Example application process articulated by Swinburne University. 

Another example could be a customer who abandons a process after being required to seek out, scan and upload copies of supporting documentation. This may indicate a lack of documentation availability which would block one from continuing with their application. Or it may indicate forgetfulness. There may not be a way to know for sure, though equally this insight may not be required or useful for decision making either.

Customer Service

In the context of customer service support channels, an abandonment rate can inform service professionals of potential friction or frustration points that may occur during the process of attempting to resolve a customer enquiry. Assessing these points where customers cease to engage, whether it be via phone, live chat,  email or ticketing support, can provide valuable information into the effort to value equation.

Customers who seek personalised service information to resolve a query are often starting from a position of having experienced some challenge or difficulty to overcome. Customer service representatives, or those powering customer service software solutions would benefit from insight into the areas where abandonment occurs in order to hypothesise whether there are patterns that can be identified to remove or optimise particular moments.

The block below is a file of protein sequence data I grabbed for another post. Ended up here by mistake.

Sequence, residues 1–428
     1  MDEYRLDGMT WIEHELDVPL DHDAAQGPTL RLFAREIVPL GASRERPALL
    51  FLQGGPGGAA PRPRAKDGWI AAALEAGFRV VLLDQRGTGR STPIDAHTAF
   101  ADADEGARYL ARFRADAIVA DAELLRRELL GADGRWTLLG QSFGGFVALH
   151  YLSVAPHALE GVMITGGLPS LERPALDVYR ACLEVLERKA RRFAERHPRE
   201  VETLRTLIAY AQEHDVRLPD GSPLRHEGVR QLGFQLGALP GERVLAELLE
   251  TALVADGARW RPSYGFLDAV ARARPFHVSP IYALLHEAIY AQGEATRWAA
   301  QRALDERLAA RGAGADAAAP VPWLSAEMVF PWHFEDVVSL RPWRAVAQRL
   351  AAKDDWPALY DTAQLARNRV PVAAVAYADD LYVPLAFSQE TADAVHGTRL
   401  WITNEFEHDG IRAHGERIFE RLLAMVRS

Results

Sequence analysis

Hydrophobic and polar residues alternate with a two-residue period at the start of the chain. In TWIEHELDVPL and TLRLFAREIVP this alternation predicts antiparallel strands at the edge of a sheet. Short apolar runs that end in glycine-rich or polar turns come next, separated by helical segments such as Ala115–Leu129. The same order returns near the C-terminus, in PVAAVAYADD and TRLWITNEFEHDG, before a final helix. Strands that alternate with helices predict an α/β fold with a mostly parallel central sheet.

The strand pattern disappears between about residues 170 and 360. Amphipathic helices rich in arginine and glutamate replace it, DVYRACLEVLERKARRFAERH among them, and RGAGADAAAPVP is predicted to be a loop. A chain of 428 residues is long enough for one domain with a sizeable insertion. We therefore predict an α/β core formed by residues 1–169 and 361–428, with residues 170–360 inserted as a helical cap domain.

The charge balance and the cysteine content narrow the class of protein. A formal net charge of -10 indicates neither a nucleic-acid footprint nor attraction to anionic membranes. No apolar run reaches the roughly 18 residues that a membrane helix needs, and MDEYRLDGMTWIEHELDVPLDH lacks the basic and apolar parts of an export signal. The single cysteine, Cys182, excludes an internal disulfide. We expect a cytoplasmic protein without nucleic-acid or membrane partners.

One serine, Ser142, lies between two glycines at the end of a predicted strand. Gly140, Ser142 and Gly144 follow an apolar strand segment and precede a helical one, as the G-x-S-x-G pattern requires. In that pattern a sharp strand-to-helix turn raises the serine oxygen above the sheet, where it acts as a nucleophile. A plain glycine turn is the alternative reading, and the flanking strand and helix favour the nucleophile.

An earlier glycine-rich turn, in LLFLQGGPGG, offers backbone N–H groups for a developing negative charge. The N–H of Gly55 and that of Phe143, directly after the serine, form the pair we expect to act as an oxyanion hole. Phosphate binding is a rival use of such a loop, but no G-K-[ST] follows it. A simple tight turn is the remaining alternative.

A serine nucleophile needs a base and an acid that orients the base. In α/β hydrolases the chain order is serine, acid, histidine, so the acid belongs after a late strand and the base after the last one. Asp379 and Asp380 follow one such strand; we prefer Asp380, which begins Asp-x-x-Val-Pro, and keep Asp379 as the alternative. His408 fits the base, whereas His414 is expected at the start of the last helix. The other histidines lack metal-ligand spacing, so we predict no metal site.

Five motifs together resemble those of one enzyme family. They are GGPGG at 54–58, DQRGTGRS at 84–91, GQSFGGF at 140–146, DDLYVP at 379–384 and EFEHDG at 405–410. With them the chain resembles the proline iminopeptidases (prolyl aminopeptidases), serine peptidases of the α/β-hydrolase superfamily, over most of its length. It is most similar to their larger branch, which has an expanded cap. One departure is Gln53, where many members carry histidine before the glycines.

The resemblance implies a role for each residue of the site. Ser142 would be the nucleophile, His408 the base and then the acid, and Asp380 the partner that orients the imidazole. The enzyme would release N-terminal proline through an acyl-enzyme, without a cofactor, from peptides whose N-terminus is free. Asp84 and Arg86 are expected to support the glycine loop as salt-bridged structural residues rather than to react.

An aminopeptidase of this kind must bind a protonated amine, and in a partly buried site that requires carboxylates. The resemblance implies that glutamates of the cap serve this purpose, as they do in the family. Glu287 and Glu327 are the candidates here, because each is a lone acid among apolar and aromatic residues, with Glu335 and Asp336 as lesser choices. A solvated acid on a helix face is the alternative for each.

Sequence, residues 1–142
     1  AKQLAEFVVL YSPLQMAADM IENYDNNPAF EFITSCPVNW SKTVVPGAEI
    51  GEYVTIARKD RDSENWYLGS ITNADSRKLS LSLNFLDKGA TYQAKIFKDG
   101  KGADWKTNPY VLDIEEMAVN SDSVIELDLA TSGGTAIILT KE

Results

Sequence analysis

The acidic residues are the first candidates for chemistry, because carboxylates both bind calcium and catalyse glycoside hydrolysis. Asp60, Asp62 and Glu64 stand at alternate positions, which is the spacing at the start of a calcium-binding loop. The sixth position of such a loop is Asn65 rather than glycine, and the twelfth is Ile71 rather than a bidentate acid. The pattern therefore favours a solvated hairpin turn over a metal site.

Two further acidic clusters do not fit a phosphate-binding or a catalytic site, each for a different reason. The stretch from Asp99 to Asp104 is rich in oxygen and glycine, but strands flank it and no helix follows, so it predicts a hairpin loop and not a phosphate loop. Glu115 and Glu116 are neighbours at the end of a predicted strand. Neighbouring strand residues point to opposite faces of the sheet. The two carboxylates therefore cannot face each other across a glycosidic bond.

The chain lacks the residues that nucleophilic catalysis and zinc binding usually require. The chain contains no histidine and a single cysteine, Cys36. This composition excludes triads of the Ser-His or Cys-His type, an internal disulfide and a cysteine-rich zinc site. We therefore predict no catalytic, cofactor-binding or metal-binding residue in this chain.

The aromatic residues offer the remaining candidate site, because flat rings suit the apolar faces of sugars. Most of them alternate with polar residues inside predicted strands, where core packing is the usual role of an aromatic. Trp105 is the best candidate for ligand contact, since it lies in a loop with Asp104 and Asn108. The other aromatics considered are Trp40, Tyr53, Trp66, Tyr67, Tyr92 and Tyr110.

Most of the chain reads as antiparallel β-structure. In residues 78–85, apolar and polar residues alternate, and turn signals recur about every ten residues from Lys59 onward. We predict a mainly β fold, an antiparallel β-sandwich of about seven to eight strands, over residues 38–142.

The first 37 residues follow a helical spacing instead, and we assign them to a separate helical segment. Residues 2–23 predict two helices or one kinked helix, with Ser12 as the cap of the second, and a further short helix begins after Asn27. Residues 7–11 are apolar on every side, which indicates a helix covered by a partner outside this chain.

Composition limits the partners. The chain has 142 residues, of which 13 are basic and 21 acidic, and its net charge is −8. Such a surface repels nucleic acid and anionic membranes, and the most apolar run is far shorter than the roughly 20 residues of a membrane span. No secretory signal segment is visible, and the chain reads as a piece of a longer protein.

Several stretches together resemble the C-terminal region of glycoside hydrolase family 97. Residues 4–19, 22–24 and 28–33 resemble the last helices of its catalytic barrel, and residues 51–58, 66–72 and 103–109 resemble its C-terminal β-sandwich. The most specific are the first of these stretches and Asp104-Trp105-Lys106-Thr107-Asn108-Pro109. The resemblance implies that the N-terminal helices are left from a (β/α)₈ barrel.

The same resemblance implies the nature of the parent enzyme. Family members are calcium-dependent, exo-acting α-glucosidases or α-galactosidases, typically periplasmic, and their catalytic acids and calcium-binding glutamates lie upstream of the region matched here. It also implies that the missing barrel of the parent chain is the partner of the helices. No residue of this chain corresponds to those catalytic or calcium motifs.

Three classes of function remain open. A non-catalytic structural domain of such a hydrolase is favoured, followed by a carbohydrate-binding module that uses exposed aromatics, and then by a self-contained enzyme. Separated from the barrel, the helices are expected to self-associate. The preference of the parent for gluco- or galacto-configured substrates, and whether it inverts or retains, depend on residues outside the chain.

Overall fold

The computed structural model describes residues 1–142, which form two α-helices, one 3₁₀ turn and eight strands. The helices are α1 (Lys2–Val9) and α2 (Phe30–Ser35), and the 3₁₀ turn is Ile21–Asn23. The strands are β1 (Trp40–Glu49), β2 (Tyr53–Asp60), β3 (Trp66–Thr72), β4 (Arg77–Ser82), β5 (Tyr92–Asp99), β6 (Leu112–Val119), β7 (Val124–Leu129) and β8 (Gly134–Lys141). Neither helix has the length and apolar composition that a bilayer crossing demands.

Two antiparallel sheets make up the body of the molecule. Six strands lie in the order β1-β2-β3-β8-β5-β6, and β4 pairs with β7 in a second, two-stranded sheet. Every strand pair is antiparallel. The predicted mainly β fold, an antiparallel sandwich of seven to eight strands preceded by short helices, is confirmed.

Examples in practice:

An automated chat bot can be helpful in providing canned responses to frequently asked questions. When custom questions are asked and software attempts to connect the user with a human representative to nuance a specific answer to an enquiry, the time this connection takes must match the customer expectations and patience levels. If these expectations and delivery times do not match, an abandonment from engaging may result.

Example from Optus, Australian telecommunications company utilising Live Chat features for customer service enquiries.

Phone calls speaking with customer service representatives may also see abandonments, which may occur purposefully or accidentally if a connection is lost. Many customer service call centres request contact information immediately in case a line is disconnected. This way, if an abandonment occurs as a result of disconnection, the representative can attempt to retrieve and more accurately update the volume of abandonments that are not due to disconnection, but rather genuine loss of interest from a customer.

Overall, abandon rate can be useful to determine key moments to optimise a customer journey in order to drive increases in the number of desired actions that are taken, as aligned to marketing goals.

To calculate abandon rate, divide the number of actions that actually occurred by the number of moments of initial intent. Multiply by 100% to get a percentage.

Want to submit a foundational marketing metric for me to deep dive into?  Reach out to me on LinkedIn or via email at All submissions will be attributed in the final manuscript.

The Latest in Marketing & Analytics

Latest … Google announces it will sunset many traditional attribution models this week. Specifically; first click, linear, time decay and position based models. A push, no doubt to encourage adoption and use of its in-platform DDA model which is calibrated using Google Signals (Google’s walled garden data acquired through all use of Google products) and industry based lift experiment results. Attribution is quickly shifting to asking businesses to either a “build your own MTA” or “choose your black box”. Another point of Google news, Google finally introduces Regex support for event creation in GA4

Until next week (and the next Chapter).

Hi I'm Kate! I'm relentlessly curious about the attribution and origin of things. Especially as it relates to being a corporate girly balancing ambition and a life filled with joy.